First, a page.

Feeling adventurous, I installed the "fixed" Beta version on the AT&T Fuze. To be on the safe side, I disabled MS Voice Command before installing. Installation was very similar to what was experienced with the Samsung Jack except I had to map Button 1 (the answer key) to be used with Vlingo. I like this option even less than I did using the camera button on the Jack. You have to press and hold the answer key to initiate Vlingo and if you're not careful you'll launch the dial pad instead.

Performance was slightly better on the Fuze. I still ended up searching for phone numbers when I was in the search application but in Google Maps, I could dial numbers through Vlingo. I did notice one very positive thing about Vlingo in using it with both the Fuze and Jack. The voice recognition software picked up my voice and translated it very good and I had very few mis-interpreted words.

Overall Impression

Vlingo has been well received with the iPhone and Blackberry communities and the Beta does present the potential for Vlingo to be well received with the Windows Mobile community. I don't like the inability to map the activation button and there was some confusion present with certain verbal commands. It is a Beta so I can't knock it too badly. Right now, MS Voice Command performs noticeably better but you don't have the verbal search option or send message options that Vlingo presents. I do like the ability to dictate email and text messages through voice commands.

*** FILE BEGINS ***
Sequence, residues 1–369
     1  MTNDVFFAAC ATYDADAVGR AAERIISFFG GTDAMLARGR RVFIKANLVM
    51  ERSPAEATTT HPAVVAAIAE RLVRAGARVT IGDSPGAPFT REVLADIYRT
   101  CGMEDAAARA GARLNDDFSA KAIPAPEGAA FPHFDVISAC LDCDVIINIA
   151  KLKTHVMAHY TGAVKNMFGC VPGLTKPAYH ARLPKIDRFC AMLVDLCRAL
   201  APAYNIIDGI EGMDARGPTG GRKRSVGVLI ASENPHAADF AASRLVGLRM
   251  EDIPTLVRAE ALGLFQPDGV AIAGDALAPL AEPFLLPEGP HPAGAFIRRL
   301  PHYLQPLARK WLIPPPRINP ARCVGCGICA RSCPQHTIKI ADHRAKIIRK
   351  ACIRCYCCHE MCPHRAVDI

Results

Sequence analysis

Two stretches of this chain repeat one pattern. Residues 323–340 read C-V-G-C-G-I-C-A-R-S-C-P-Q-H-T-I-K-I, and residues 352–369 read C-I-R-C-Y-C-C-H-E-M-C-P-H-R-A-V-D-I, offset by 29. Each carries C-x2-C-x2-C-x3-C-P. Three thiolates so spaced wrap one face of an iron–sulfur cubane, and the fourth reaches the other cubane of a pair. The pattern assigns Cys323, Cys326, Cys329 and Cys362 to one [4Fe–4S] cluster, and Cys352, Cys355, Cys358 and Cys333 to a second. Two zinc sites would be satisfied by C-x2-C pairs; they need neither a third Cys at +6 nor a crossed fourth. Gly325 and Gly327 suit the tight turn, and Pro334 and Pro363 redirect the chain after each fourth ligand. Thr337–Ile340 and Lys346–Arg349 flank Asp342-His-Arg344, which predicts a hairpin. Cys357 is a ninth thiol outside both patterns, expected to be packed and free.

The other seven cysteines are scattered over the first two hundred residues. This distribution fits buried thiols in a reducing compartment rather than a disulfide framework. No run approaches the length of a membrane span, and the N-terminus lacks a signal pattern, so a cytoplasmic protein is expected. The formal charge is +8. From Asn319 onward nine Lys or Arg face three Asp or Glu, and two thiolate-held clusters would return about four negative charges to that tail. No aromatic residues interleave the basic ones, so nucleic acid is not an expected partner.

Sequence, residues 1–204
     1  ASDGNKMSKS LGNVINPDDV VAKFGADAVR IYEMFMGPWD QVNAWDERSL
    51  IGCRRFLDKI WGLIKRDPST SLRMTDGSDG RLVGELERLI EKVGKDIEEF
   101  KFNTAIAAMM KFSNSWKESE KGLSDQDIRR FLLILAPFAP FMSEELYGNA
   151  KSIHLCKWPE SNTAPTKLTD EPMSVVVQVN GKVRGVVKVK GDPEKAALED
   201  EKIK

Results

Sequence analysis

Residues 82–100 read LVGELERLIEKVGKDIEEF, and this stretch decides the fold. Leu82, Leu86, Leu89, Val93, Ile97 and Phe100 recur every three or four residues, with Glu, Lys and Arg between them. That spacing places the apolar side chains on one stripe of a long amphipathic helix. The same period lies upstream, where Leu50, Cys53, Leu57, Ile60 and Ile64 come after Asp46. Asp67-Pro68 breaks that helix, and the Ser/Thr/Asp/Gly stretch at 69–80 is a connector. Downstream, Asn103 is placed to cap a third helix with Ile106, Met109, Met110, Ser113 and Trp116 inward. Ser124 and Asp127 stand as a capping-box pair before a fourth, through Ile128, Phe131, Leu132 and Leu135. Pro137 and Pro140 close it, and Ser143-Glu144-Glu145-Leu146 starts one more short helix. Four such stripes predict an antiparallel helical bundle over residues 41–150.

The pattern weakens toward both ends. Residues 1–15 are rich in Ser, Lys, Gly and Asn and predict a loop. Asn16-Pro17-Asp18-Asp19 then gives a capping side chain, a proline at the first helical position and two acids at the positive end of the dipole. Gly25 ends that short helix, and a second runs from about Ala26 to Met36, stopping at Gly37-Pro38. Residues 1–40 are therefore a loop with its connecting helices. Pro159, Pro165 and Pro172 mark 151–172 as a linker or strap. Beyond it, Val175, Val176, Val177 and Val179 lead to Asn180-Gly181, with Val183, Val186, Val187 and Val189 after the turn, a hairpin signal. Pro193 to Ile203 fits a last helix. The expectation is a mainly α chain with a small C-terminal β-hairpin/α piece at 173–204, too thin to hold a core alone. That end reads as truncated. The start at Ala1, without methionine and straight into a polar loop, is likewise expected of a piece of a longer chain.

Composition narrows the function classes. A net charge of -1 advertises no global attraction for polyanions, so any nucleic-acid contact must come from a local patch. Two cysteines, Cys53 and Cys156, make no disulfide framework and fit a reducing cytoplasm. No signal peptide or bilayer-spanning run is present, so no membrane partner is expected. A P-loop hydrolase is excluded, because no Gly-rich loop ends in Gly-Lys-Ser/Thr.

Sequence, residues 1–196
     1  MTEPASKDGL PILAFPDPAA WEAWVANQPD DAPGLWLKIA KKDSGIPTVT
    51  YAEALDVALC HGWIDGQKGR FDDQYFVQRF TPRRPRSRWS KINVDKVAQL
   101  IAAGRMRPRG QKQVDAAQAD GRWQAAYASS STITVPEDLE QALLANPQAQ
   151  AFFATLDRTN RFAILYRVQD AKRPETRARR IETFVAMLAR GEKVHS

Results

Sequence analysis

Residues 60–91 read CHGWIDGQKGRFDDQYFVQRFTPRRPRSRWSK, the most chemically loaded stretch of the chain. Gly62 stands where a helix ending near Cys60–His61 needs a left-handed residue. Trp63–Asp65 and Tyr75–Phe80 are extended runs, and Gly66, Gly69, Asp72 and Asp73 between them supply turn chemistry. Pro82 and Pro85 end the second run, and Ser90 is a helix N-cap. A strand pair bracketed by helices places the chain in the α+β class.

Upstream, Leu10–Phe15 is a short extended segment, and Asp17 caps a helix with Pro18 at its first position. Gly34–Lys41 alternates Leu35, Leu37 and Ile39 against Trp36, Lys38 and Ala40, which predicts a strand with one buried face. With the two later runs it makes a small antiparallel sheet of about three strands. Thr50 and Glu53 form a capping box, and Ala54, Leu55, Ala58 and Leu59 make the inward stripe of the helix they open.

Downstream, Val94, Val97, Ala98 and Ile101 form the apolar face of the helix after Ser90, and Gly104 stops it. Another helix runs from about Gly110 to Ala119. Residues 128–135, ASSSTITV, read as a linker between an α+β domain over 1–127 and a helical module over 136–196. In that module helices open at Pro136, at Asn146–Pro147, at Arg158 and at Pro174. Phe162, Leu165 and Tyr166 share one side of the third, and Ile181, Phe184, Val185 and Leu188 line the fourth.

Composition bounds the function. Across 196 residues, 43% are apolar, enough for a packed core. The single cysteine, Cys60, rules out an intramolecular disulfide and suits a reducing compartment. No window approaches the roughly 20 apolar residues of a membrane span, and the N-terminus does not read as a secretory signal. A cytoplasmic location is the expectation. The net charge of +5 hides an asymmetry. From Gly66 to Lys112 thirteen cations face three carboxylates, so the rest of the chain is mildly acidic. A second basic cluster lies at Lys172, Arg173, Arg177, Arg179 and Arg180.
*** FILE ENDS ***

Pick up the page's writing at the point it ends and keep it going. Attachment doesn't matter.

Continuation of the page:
If you own one of the "approved" Windows Mobile Phones Vlingo Beta is worth a test drive. If you are feeling a little daring, the "fixed" Beta will work on HTC Fuze/Touch Pro/Diamond but there is no "official" support and the application isn't as stable. If they can nail down all the bugs on the Beta, Vlingo should be a welcomed addition to the Windows Mobile community. However, if they don't find a way to support Windows Mobile 6.5 any excitement surround Vlingo might be short lived.

Phil Nickinson

Phil is the father of two beautiful girls and is the Dad behind Modern Dad. Before that he spent seven years at the helm of Android Central. Before that he spent a decade in a newsroom of a two-time Pulitzer Prize-finalist newspaper. Before that — well, we don't talk much about those days. Subscribe to the Modern Dad newsletter!